Each application to Stanford is considered both individually and within the context of a very large and talented applicant pool. We hope the information below will be helpful in understanding the Stanford admission process.
Frequently Asked Questions
Yes. To accept your place on the waitlist, submit the online Stanford Waitlist Response Form. Only students who accept their place will be considered for future admission. We also welcome brief updates to your application using the Waitlist Response Form. Please note that the form may be submitted only once. To provide updates later, please use the Update Application Form in your portal.
We respectfully ask that you do not submit additional letters of recommendation or additional materials such as writing samples, creative/performing arts credentials, photos, research papers, and certificates. Please do not call to inquire about your chances of being admitted because we cannot speculate on those chances.
Approximately 1% of those who applied for admission were offered a place on our waitlist. Students must accept their waitlist offer; we expect more than half to do so.
We will not know how many, if any, students will be offered admission from the waitlist until we know how many admitted students have accepted a place in our class.
No, our waitlist is not ranked.
We will re-evaluate waitlist candidates if our enrolled student number is lower than initially predicted. We will provide all candidates holding a space on the waitlist with a final admission decision by July 1.
In our review of the presented materials, we get to know each applicant individually and develop an understanding of the applicant within the context of the resources and opportunities available to that student.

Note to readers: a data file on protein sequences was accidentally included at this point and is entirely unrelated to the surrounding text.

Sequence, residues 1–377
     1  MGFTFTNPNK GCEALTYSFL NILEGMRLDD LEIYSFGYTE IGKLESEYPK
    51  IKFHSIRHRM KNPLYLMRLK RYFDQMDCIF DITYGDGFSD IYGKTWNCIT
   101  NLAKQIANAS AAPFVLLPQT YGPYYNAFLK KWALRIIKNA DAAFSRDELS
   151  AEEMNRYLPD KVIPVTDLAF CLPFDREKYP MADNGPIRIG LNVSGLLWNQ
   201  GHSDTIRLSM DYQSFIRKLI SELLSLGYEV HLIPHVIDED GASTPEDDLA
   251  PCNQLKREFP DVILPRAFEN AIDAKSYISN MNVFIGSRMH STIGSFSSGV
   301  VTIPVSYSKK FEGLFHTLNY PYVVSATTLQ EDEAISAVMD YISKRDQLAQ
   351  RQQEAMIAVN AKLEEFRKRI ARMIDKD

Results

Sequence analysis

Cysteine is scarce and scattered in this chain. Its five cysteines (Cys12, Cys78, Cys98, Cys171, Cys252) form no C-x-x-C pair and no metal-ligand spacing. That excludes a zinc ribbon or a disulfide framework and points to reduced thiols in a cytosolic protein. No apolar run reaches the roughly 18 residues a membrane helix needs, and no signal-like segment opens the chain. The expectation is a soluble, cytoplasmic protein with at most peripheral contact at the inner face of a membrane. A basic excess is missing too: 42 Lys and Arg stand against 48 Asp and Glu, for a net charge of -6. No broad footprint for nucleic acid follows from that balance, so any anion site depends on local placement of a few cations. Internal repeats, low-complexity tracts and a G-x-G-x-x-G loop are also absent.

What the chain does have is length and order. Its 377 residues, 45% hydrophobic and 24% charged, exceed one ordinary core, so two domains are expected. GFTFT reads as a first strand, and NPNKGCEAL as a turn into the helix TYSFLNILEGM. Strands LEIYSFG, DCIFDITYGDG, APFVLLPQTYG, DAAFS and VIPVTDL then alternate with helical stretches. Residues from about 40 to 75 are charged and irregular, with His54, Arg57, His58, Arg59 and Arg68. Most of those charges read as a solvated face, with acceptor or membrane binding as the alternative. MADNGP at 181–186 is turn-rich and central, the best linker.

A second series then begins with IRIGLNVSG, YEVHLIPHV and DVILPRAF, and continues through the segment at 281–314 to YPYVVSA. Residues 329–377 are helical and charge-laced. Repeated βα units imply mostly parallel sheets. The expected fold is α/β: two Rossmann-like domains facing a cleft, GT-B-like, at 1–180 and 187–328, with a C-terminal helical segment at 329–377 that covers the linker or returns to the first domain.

The two most important criteria for admission to Stanford are distinguished academic achievement and significant potential to achieve at a high level during the undergraduate years. Another criterion for admission is involvement outside the classroom, where we seek evidence of sustained commitment and leadership in school and community activities.
We look for students who will make a strong contribution to the Stanford community by demonstrating intellectual vitality and academic leadership, qualities not entirely captured by grade point averages and test scores. Because of the number of exceptional students who apply to Stanford, there are unfortunately many top students for whom we simply do not have room.
Sometimes a candidate is denied admission while someone they know, whose GPA or other quantitative measures are lower, is admitted. This occurs both because we value hard-to-quantify personal qualities and achievements and because schools, programs and individuals vary so widely. While you might know another applicant’s academic profile, only admission officers see the entire application, including the student's writing and academic evaluations. Each applicant presents a unique combination of achievement, potential and intellectual vitality, as well as their personal qualities and story. It is the composite of these factors that ultimately influences our decisions.
All admission decisions are made by a committee and not by any one admission officer. As a result, we cannot provide applicants with specific or detailed reasons for why they were not offered admission. It is our long-standing policy to not re-evaluate a file with a candidate. If applicants call to ask why they were not offered admission, we will not be able to provide this information.
Stanford admission decisions are final, and we do not conduct an appeal process.
An applicant's need for financial aid is never a factor in the admission decision, except in the case of international students (applicants requiring a student visa to study in the United States). Stanford adheres to a need-blind admission policy for all U.S. citizens, undocumented students and all non-U.S. citizens eligible for federal student aid.
Applicants are limited to a total of three applications for undergraduate admission, whether for first-year admission, transfer admission or a combination of both. If you have submitted fewer than three applications to Stanford, you may reapply.
Please visit our Transfer Applicants page for guidelines on submitting a first-year or transfer application in a subsequent year.